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Archive for March, 2016

North Carolina Historic Newspapers is well underway contributing newspapers to the Library of Congress’ Chronicling America newspaper website during its second phase of digitization. There are now 127,225 historic North Carolina newspaper pages available on the site. The above masthead is from the Banner-Enteprise, a late 19th-century African-American publication out of Raleigh, then Wilmington. It […]

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The North Carolina Heritage Award has been awarded to traditional artists since its inception in 1989. North Carolina has a rich heritage of folk and heritage arts, ranging from pottery to dance. Some of the award winners are internationally known for their craft, such as Doc Watson and Jim Shumate, whereas others have practiced their […]

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“By drawing those at the lower end of the economic scale into an illicit enterprise, bootlegging and moonshining in the Jim Crow South had the unintended effect of blurring lines of segregation…. “The African-American newspaper the Pittsburgh Courier reported with dry humor one North Carolina reference: ‘If white and Negro preachers understood each other and […]

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Our March Artifact of the Month is a UNC sweatshirt that saw two generations of UNC basketball championship wins — and carries the spray paint to prove it. Wynne Maynor Miller bought this faded Carolina blue shirt during her freshman year in 1982 and was wearing it as she celebrated UNC’s 1985 championship victory on […]

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On this day in 1705: Newly appointed deputy governor Thomas Cary, son-in-law of a Quaker, disappoints N.C. Quakers by refusing to change a policy that effectively bars them from holding public office. By 1711, however, Cary will have allied with the Quakers and undertaken a bizarrely inept armed rebellion against the government. He is arrested […]

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“While Lincoln was meeting with his cabinet [on April 14, 1865, the day before his assassination], everyone’s mind was on North Carolina, for Confederate forces were there were holding out in Raleigh, and word was awaited imminently from General Sherman, whose job it was to subdue those holdouts and bring the war formally to an […]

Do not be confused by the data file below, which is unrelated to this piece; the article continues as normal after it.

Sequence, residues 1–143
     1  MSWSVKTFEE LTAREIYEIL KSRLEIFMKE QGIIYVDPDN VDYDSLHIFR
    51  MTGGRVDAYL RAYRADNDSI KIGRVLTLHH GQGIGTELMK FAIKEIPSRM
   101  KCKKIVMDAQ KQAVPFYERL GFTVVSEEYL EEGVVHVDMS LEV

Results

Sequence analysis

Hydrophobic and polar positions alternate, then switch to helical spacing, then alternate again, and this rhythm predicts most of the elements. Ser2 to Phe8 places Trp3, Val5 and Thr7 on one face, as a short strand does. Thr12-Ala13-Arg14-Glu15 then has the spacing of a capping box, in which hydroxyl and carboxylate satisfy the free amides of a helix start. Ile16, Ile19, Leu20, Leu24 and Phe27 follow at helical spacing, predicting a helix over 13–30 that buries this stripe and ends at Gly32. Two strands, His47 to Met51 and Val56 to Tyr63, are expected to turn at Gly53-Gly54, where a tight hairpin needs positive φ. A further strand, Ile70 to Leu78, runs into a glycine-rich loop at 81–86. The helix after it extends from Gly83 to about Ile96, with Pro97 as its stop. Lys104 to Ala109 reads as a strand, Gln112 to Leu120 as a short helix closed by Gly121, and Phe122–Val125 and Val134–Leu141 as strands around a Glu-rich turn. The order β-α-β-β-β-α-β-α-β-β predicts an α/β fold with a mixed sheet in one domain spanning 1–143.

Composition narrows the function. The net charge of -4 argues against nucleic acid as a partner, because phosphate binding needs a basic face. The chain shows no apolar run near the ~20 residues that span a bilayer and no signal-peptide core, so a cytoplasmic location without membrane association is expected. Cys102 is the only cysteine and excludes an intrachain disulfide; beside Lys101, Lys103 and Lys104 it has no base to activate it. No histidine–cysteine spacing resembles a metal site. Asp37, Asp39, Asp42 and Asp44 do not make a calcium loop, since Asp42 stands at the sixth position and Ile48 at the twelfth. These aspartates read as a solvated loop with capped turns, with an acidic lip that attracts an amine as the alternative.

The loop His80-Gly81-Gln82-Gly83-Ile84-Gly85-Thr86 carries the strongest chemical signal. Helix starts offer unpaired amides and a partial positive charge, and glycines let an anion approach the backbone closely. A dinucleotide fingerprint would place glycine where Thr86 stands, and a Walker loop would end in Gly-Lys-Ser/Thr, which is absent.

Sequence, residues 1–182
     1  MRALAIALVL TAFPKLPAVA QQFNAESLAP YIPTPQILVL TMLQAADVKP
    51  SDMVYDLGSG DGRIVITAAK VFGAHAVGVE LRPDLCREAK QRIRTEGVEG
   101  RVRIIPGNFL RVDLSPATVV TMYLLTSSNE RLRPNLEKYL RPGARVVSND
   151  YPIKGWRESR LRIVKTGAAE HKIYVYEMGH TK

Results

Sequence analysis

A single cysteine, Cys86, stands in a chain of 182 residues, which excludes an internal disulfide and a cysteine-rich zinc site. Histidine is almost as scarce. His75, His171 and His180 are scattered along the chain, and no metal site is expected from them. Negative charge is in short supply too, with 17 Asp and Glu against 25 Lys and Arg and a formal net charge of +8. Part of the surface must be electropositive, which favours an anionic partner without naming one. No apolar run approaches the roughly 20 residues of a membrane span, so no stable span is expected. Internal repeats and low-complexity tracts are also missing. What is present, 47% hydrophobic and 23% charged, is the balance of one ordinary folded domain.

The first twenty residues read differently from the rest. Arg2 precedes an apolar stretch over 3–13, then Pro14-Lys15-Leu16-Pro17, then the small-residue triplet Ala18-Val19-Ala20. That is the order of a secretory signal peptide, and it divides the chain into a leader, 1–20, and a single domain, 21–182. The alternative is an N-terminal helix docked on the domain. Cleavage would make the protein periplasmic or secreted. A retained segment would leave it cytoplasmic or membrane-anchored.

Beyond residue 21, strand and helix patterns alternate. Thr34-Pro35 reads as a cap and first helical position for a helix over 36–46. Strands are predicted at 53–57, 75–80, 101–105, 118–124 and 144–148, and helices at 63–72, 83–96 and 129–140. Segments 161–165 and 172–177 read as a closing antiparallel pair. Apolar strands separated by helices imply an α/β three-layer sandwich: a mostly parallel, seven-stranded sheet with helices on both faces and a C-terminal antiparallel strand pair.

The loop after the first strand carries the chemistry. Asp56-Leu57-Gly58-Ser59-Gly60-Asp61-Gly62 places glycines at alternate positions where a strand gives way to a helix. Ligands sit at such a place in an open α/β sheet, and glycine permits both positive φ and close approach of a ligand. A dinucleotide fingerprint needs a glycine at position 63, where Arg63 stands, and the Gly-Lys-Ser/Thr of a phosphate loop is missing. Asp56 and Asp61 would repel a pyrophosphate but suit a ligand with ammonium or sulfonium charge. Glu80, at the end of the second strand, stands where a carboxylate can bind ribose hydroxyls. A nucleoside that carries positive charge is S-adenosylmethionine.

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“The vast majority of black Southerners worked as tenants (renters), sharecroppers, or wage hands. Even within the same place, however, different arrangements were possible. “As early as 1867, a North Carolina planter reported that most of his workers labored for a share of the crop, ‘but I also have about 15 good men at wages.’ […]

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“There had been pious concern [at the University of North Carolina] that French taught by a Frenchman might inculcate immoralities. The university’s president, David Swain, recommended to the Board of Trustees that any tutor would have to be ‘an educated American.’ This nativist injunction may not have been unconnected with the sad tale of Charles […]

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On this day in 1956: A subcommittee of the House Un-American Activities Committee convenes in Charlotte. Two days of hearings will single out Bill McGirt, a poet working at a Winston-Salem fish market, as the state’s top communist, but he and 10 other subpoenaed witnesses refuse to testify, and little new information surfaces. “The conclusion […]

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One dish wonders!

Casseroles from Favorite recipes of the Lower Cape Fear. Reunion Casserole from Columbus County cookbook II. Reuben Casserole from Home cookin’. Shrimp Celebration Casserole from Company’s coming : a recipe collection from North Carolinians who enjoy company coming. Casseroni from The clock watcher’s cook book. Helen Scarboro’s Captivating Chicken Casserole from A dash of Down East. Hot Fruit Casserole from What’s cookin’? in 1822.

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